Global Analysis Show Media Perceptions of Obesity Vary Widely Around The World

A look at the obesity debate through 9,000 news items from the US, UK, France and Asia Pacific

New York (September 17, 2004) – A first-ever analysis of news articles worldwide finds that obesity coverage in the media has soared 294 percent in the last five years. The comprehensive review of some 9,000 articles, “Obesity in the Public Eye,” by Echo Research, a leader in brand reputation and analysis, looked closely at news from the United States, United Kingdom, France and Asia Pacific to determine global media perceptions on this hot issue.

The report delves into the obesity debate to reveal what media focus on in their reporting including: which multi-national companies are highlighted in coverage, what’s the blame for the dramatic increase, who are the leading sources on the topic, and what are the most talked-about remedies for stemming the tide of obesity?

Highlights of Echo’s analysis of US media found that:

Coverage on obesity increased 35% from the period January 1999 to March 2004
Children are the leading center of concern in the obesity crisis
Among companies most mentioned in obesity articles, McDonald’s appeared in 31% of coverage, Coca-Cola 24%, Kraft Foods 16% and PepsiCo 15%
Sugar is pinpointed in 44% of all articles as a leading factor in weight gain, followed by soft drinks (23%), potato chips (20%) and carbohydrates (20%)
Educators and health professionals are leading the obesity debate, appearing as the number one source in all news articles

Education is mentioned in 56% of all articles as a way to stem the tide of obesity, followed by litigation mentioned in 25% of all articles

“As our research shows, anxieties and health concerns about obesity are growing fast,” said Marianne Eisenmann, managing director of Echo Research in North America. “Just this past July, Health and Human Services Secretary Tommy Thompson declared obesity a disease. Additionally, our research shows that obesity is now firmly ranked alongside diabetes and cancer as a life threatening issue in today’s society the world over.”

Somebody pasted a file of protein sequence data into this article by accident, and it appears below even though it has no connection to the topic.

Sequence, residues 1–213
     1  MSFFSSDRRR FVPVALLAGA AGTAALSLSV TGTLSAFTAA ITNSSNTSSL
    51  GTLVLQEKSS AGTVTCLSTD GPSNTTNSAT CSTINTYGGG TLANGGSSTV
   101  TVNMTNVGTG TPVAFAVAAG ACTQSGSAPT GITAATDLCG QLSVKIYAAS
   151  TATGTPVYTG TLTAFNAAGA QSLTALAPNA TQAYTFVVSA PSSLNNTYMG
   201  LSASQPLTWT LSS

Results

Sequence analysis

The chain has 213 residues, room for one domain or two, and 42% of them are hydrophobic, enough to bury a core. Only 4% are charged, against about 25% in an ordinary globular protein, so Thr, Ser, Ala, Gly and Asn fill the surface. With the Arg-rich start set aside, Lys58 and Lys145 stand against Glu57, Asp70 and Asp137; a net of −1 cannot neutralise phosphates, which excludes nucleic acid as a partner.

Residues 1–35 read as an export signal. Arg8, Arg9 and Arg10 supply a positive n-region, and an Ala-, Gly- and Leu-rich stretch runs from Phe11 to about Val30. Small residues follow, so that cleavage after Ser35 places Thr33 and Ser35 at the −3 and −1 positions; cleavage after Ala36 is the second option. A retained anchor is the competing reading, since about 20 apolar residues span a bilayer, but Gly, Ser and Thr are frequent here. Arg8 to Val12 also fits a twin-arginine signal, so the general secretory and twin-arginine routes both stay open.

“As the debate over obesity becomes more heated, leaders around the world will need to look at how global media perceptions on the issue can affect consumer attitude, influence public opinion and initiate change in corporate policies and government action,” said Eisenmann. “Media too will have to do some soul searching, making certain it’s providing responsible reporting as the public and private sectors prepare to tackle a very real and growing problem.”


The research was conducted by Echo Research as a collaborating partner with the International Business Leaders Forum, a non-profit organization supported by over 100 leading CEOs and companies from Europe, America, Middle East and Asia, and the Healthy Eating, Active Living Global Partnership, an international initiative that profiles good corporate health and wellness practices, and facilitates organizational partnerships designed to help tackle the growing epidemic of obesity related illnesses around the world. Echo analyzed some 9,000 news items from the US, UK, France and Asia Pacific supplied by Factiva and published between April 2003 and March 2004. Articles appeared in daily newspapers and business and consumer magazines.

Echo Research

David Monroe, Sue Preziotti Public Relations
Telephone: 646-495-3208

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